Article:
[144-146] Liberty, therefore, may mean both the possession of rights and immunity from duties; in both of which senses it appears to be taken by those who make liberty the end of government; i.e. they make it consist in the enjoyment of all beneficial rights, and the absence of all pernicious duties. From this explanation, however, it is at once seen that liberty cannot be the ultimate end of government, as there must be some measure by which the expediency and inexpediency of these several rights and duties is to be estimated. Persons who employ this phraseology are perhaps liable to be misled, by considering only the negative side of liberty, into an opinion that the removal of all restrictions is desirable, and that the goodness of a government is to be estimated by the absence of regulation. … It is such an absence of restrictions, abolished merely for the sake of promoting liberty, without any regard to the public good, that is termed licentiousness (when that word has a political sense), and sometimes improperly, anarchy, which word, though properly it means an absence or privation of government, is often used figuratively to express an insufficiency of restraint.
Woolsey, Theodore Dwight. 1877. Political Science of the State Theoretically and Practically Considered, Vol. I. Charles Scribner’s and Sons: New York.
[34n.] Mr. Bentham says in his rationale of punishment, that ‘Liberty being a negative idea (exemption from obligation), it follows that the loss of liberty is a positive idea.’ Is it not equally true, liberty being a positive idea (including the rights of free action), that the loss of liberty is a negative idea (viz., the absence, the actual non-existence of civil rights). The status of the slave consists in the loss of various free movements, one of which alone, the right of locomotion in an unrestricted degree, would destroy the slavery.
Would it not be better to say that a right is a power of acting in a certain specific way, and that as the sum of these powers constitutes liberty, the loss of liberty is the loss of the powers of acting in many specific ways, which loss certainly, and not liberty, is the true negation.
Browning, T. B. 1878. “Communism,” The Canadian Monthly 8(4): 478-488.
 We look on liberty as something to be enjoyed apart from governmental interference, and define it as an absence from restraint. In Greece and Rome, liberty was differently viewed. As the clansman had no status or right beyond his clan, the citizen had no liberty outside his city. To him liberty meant citizenship—the rights, privileges, and suffrages of a citizen; in fine, what the Romans called the civitas. When a Greek or Roman lost the civitas, he lost his liberty; when he regained the civitas, he recovered his liberty. To him liberty was a positive, tangible benefit, conferring on its possessor certain esteemed privileges; to-day it is a negative attribute, which may be summed up in the impossible words, ‘Laissez faire.’ Our liberty is looked upon as an abstraction which, now and then, especially in poetry, becomes clothed in the robes of the ancient world.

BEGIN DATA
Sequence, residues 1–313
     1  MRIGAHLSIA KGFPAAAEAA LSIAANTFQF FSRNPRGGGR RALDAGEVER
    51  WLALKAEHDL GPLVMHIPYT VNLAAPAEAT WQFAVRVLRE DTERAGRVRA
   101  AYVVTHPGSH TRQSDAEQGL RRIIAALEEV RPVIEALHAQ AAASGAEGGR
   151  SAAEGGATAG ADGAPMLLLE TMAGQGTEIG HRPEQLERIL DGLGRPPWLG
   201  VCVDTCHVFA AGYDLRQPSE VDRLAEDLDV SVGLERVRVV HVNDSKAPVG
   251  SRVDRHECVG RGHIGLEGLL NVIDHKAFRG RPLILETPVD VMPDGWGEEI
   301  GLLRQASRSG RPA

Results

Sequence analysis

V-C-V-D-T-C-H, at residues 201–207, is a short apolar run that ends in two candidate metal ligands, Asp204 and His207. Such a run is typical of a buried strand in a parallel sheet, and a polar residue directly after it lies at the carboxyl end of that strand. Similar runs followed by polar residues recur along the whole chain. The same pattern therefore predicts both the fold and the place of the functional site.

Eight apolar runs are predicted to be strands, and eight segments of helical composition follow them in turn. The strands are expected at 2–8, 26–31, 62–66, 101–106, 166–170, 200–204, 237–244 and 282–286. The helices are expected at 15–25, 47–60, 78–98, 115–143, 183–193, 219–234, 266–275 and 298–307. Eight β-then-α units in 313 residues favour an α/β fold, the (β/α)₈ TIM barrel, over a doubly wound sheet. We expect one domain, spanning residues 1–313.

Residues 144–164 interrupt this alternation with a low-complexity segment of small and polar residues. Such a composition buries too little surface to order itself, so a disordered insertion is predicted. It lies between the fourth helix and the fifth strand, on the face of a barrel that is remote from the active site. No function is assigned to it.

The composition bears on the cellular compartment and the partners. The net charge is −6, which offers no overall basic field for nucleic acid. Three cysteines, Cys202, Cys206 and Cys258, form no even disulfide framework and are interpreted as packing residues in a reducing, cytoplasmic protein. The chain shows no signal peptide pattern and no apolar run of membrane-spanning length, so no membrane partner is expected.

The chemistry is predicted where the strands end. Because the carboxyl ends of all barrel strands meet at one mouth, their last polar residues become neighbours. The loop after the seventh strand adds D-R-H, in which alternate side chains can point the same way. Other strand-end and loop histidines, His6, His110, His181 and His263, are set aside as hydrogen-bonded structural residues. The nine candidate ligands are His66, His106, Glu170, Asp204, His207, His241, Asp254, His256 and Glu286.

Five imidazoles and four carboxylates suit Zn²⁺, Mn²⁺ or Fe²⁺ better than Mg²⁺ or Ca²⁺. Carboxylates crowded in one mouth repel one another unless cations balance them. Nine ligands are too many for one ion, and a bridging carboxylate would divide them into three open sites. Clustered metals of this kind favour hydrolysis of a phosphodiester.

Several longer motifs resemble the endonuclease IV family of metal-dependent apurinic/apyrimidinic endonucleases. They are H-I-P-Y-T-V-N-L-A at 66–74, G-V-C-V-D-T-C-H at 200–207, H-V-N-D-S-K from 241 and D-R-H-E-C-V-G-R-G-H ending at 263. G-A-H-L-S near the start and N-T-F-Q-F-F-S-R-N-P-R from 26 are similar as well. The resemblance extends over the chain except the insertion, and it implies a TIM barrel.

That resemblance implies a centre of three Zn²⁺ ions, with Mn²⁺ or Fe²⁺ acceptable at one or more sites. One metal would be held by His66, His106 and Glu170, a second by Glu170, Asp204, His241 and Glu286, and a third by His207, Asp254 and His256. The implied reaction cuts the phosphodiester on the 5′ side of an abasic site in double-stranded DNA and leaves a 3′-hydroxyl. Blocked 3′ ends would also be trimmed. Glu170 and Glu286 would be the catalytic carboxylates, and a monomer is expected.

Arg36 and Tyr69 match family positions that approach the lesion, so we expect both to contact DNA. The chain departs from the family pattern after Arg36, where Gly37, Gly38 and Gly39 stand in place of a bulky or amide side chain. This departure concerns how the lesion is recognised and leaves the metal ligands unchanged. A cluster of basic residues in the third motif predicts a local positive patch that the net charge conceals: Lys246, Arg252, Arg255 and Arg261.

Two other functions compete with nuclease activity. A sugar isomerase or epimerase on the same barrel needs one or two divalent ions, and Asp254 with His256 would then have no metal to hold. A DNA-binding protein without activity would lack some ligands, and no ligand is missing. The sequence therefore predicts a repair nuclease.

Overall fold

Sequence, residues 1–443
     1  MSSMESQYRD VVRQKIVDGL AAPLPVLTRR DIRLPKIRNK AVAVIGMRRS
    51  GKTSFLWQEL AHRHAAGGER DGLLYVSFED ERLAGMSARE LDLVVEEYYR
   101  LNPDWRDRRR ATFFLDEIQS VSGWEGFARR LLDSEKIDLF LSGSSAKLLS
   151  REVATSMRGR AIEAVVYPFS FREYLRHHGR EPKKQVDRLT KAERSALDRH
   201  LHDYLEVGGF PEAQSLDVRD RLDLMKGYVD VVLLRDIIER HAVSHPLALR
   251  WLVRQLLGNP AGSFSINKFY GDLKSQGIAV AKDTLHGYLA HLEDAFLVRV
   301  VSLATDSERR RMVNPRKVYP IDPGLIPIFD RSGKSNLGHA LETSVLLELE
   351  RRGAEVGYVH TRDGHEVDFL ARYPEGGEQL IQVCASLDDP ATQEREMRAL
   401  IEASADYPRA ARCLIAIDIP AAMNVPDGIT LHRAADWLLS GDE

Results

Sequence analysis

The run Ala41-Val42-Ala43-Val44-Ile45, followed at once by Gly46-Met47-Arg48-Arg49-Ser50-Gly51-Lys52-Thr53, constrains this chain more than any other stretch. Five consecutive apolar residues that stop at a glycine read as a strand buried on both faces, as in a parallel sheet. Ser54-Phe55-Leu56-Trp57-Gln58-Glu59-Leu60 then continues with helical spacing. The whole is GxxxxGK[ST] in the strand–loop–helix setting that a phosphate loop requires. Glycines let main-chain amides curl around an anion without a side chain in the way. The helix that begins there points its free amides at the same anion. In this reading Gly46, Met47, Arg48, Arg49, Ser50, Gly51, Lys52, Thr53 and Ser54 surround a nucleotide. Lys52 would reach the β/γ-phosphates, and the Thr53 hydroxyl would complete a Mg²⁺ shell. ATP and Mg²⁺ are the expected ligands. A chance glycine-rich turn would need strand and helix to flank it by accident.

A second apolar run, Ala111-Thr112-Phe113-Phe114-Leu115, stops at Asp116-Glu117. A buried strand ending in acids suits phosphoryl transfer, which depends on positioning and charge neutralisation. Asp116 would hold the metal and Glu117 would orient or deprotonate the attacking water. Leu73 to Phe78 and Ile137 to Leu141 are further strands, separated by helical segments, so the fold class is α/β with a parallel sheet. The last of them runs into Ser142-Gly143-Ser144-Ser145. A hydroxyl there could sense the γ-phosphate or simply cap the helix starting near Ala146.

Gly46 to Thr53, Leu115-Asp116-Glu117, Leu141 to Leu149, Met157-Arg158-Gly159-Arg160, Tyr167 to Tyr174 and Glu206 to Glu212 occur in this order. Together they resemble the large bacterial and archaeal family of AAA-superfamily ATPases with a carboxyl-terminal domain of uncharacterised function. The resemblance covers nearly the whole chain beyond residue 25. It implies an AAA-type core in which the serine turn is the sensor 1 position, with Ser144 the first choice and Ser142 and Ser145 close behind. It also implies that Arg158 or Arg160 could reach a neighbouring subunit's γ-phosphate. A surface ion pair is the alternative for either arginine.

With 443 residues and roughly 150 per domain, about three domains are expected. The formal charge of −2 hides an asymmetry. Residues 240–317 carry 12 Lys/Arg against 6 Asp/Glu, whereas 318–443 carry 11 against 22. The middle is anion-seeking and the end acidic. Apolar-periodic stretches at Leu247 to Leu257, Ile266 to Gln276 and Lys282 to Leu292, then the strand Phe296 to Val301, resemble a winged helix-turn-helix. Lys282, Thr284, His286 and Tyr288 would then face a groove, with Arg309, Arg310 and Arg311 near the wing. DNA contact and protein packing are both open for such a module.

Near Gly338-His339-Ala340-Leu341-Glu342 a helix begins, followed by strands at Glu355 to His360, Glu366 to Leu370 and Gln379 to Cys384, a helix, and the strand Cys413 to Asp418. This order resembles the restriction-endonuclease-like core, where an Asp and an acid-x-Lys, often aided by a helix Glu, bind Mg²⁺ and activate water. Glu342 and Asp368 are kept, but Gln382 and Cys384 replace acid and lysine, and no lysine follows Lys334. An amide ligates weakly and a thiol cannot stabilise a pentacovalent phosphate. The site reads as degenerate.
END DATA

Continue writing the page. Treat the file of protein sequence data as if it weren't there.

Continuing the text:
Lorimer, James. 1880. The Institutes of Law. William Blackwood and Sons: London
[368-369] If you analyse liberty you will find order, just as if you analyse order you will find liberty. Perfect order is liberty; perfect liberty is order. … The principle that the perfection of legislative, as of all other machinery, consists in its simplicity, and that so soon as a law becomes needless it becomes injurious, —a stumbling-stone in the way to liberty, an impediment in our progress towards the realization of the final end of life, —was the great discovery of the eighteenth century. … Theoretically, as we have seen, it led even men like Kant so to limit the sphere of legislation as to lose sight of its positive side; and this error speedily opened the door to the still more formidable conclusion that the negative side of it must be repudiated also. … The only answer, then, to a train of reasoning which has led to far graver results than even the substitution of order for liberty, consists in the denial that license ever is liberty in excess, or can, in any circumstances, stand to it in the relation even of a condition.